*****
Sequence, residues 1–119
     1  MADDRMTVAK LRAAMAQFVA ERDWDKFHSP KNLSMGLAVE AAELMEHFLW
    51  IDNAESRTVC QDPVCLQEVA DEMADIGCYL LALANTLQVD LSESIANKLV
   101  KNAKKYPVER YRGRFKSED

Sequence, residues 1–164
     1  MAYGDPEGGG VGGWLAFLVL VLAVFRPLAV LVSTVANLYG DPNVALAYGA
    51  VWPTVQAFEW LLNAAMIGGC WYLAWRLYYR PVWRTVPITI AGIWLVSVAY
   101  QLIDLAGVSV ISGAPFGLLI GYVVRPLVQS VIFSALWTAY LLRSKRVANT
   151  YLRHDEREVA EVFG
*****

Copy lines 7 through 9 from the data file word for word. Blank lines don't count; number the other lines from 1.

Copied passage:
    51  VWPTVQAFEW LLNAAMIGGC WYLAWRLYYR PVWRTVPITI AGIWLVSVAY
   101  QLIDLAGVSV ISGAPFGLLI GYVVRPLVQS VIFSALWTAY LLRSKRVANT
   151  YLRHDEREVA EVFG